Would You Buy An Electric Car If It Looked Like This?

The Audi skysphere concept. AUDI


Electric vehicles have an image problem. Despite Tesla’s best efforts to make them “cool”, EVs are still derided by petrolheads/gearheads for their appearance and driving experience, often using slurs like “milk floats” and “golf carts”. With its latest concept, however, Audi is aiming for something much more desirable, but the electrification is not the most surprising thing about it.

The Audi skysphere concept was unveiled at Monterey Car Week yesterday, and the electric aspects are not that revolutionary. Audi mentioned a 465kW (624hp) motor, surprisingly just driving the rear wheels (not all four), and 80kWh battery providing a range of over 300 miles. Acceleration will be 0-60mph in 4 seconds, which seems pedestrian now that the Tesla Model S Plaid boasts a 60mph sprint of 2 seconds, and a Tesla Model 3 Performance can do it in 3.1 seconds. So far, so run-of-the-mill.

But then there is the design. The low-slung swoopy Batmobile-like looks are guaranteed to turn heads (assuming they make it out of the concept stage). The inspiration for the skysphere was allegedly the Horch 853 roadster of the 1930s, appropriate given that an example of this car won the Concourse d’Elegance in 2009 at Pebble Beach – where the Monterey Car Week takes place. The Horch is a rare car, and that show winner eventually sold for over $5 million in 2012. The inspiration was merely visual, however, as the new Audi is no classic car throwback

The oddest things about Audi’s skysphere concept is that it has a variable wheelbase. The length of the car and distance between front and rear wheels can be adjusted by 250mm and the ground clearance by 10mm. This is more than just switching driving dynamics; it is also about mode. The shorter 4.94m version of the car provides a “Sports” mode for greater agility and driving experience. The 5.19m “Grand Touring” mode retracts the steering wheel and pedals, switching to an entirely autonomous driving system.

This isn’t such a radical idea, though. If you’re someone who likes driving, you will want a dynamic experience on windy roads. But you’re unlikely to enjoy sitting in traffic or interminable highway hauls. Functions like Tesla’s Autosteer or similar Level 2 or 3 capabilities (such as Audi’s Traffic Jam Pilot) are godsends for the boring bits of journeys. Tesla has long targeted its considerable in-car entertainment ability, bolstered in the latest Model S, at giving people something to do when the car is driving itself, even if you can’t yet use it while the car is in motion. The Mercedes EQS is also aimed at providing connected functions for occupants to use while the car is autonomously driving.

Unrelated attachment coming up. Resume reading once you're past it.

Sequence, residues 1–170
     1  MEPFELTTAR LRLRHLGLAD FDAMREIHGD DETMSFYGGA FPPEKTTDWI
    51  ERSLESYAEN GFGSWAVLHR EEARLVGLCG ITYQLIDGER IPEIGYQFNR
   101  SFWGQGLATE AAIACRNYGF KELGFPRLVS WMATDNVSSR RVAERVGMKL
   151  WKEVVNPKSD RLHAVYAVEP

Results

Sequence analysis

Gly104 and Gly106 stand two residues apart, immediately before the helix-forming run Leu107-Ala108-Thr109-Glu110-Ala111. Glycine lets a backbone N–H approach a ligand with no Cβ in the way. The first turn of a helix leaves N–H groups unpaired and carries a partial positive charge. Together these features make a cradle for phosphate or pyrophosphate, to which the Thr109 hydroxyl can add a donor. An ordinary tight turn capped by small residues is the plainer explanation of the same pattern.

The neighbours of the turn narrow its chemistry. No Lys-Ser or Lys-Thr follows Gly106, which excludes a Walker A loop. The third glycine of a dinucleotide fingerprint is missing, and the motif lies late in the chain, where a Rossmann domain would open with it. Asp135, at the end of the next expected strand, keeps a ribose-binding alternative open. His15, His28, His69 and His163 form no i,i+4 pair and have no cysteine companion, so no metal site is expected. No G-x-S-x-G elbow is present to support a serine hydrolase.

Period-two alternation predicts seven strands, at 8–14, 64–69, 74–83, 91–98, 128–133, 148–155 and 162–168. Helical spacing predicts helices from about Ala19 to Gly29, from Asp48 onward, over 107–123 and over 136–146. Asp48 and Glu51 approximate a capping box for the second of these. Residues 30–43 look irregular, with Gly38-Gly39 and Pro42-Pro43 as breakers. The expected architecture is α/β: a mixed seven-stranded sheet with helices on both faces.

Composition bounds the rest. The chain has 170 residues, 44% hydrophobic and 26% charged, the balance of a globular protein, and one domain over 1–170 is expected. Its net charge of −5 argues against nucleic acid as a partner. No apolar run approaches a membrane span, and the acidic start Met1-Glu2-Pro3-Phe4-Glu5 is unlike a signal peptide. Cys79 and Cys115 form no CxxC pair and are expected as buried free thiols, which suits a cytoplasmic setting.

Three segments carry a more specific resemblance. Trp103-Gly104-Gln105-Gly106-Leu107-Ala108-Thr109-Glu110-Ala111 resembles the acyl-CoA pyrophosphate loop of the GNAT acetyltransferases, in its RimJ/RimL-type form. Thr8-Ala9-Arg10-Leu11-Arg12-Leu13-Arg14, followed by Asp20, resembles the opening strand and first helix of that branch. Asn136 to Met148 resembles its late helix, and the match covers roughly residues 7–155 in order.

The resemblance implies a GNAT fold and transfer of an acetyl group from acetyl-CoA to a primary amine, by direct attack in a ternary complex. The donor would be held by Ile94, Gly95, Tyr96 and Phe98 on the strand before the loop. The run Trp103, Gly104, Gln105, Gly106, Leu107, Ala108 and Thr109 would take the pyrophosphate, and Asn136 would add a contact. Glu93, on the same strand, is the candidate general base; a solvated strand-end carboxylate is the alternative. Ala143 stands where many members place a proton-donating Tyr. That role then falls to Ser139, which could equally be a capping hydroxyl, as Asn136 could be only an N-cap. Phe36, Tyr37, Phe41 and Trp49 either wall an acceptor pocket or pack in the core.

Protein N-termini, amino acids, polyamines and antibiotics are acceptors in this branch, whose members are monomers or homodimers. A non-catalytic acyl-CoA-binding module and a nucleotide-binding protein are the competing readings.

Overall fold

The Audi skysphere gets its name from the fact that it has an open top, and when it is in Grand Touring mode you can lie back and enjoy the scenery as the car drives itself. Audi even suggests you post about your trip on social media. The extra length in this mode provides more room for occupants to stretch out, making longer journeys more bearable. Audi even talks about the car handling its own charging, although quite how it will plug itself in isn’t discussed. Valet service maybe?

The Audi skysphere is apparently the first of three “sphere” concepts, with grandshpere and urbansphere cars still to come. The grandsphere has been teased, and is an A7-sized executive sedan, which will presumably go head-to-head with the Tesla Model S (a format that Audi and parent company Volkswagen have yet to tackle directly in electric form, although the Audi e-tron GT and Porsche Taycan are close). There are few details about the urbansphere, other than that it will be arriving in 2022.

Either way, it is reassuring to see some radical thinking with EV design from Audi, although how much of it will arrive in production cars is debatable. The Honda e is an exception. If you compare what the concepts of the EQS looked like to the car that has arrived, the latter is much more conventional. The key takeouts from the Audi skysphere are that an electric drivetrain is a given, and while some people will still want to enjoy their driving, a lot more of it will be autonomous in a few years’ time. Cars will increasingly be designed around this idea. We just hope Audi also manages to make EVs that look this cool.

Credits: Forbes

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